Though Fed officials say they don't want unemployment to rise significantly, they have warned that hiring will have to slow and some job losses will be necessary to tame inflation, though they couch such views in central bank jargon.
“Bringing inflation back to 2% will likely require a period of below-trend growth and some softening of labor market conditions,” the Fed's semi-annual monetary policy report to Congress, released Friday, said.
Ever-higher interest rates could spark outspoken opposition from some Democrats who argue that the current persistent inflation is mostly a result of global factors, like continued supply shortages and Russia's war against Ukraine, that the Fed can do little about and of price-gouging by corporate giants as reflected in bloated profit margins.
For their part, congressional Republicans will likely highlight concerns that the Fed must do even more to cool inflation. Jason Furman, a former top economist for President Barack Obama, expressed such concerns in the Wall Street Journal last week. Furman wrote that the Fed should raise its key rate by a substantial half-point when it meets this month and signal that its benchmark rate will likely reach 6% this year.
Many economists say they think inflation will keep falling to roughly 3.5% or 4% but could plateau at that level. Getting it down to the Fed's 2% target level could require more pain in the form of widespread job losses.
Some congressional Democrats may urge the Fed to raise its inflation target to 3% and argue that it isn't worth risking a deep recession just to lower inflation by 1 more percentage point. Yet so far, Powell has made clear that he opposes any such change out of concern it would undermine the Fed's inflation-fighting credibility. Other officials have echoed his views.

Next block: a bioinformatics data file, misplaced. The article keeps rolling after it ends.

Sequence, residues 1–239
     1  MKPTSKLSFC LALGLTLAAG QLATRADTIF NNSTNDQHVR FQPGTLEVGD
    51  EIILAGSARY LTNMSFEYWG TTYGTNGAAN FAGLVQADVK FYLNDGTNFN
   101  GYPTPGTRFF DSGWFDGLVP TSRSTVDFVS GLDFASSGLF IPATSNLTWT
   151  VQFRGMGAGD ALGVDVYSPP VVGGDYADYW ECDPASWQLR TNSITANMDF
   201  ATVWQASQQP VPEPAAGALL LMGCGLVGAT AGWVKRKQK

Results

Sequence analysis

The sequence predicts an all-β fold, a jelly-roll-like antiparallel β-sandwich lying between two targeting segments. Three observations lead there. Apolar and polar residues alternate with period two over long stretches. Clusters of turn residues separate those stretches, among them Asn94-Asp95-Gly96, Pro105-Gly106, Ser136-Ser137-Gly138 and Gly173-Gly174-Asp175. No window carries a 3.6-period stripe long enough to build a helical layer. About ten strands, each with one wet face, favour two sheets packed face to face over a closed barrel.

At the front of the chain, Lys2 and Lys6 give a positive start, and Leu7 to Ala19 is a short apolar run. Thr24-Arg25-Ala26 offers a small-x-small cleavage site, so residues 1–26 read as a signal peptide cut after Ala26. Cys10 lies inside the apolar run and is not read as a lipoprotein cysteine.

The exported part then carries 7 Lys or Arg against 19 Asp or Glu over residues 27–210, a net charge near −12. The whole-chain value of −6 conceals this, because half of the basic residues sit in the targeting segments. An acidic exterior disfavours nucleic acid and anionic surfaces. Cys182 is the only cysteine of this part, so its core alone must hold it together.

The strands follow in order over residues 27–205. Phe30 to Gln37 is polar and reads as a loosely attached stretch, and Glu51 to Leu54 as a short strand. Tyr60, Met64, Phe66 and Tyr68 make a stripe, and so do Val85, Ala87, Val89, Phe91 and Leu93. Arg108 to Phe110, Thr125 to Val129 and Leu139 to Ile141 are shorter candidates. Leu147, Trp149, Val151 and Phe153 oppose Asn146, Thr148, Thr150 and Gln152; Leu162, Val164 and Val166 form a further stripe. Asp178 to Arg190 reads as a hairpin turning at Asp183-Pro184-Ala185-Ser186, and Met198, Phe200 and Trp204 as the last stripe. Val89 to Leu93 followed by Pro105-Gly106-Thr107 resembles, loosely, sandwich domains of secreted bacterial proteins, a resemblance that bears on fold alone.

Philip Jefferson, a Fed board member, suggested last week that raising the inflation target would “introduce an additional risk” because it might lead people to fear that the target "could be changed opportunistically in the future.”
Other issues will likely arise when Powell testifies Tuesday to the Senate Banking Committee and Wednesday to the House Financial Services Committee. One could be who will replace Lael Brainard, who has left her position as the Fed's vice chair for a top policymaking post at the White House.
Sen. Robert Menendez, a member of the Banking Committee, has urged the Biden administration to fill the spot with a Hispanic. Menendez notes that there has never been a Hispanic member of the Fed's rate-setting committee.
Democrats will also likely press Powell on the likely consequences if Congress fails to raise the government's borrowing limit. The limit was reached in January, and the Biden administration is using financial maneuvers to avoid defaulting on Treasury securities. Congressional Republicans are demanding steep spending cuts in return for raising the debt ceiling.
“There’s only one way forward here, and that is for Congress to raise the debt ceiling so that the United States government can pay all of its obligations when due,” Powell said at his news conference last month. "No one should assume that the Fed can protect the economy from the consequences of failing to act in a timely manner."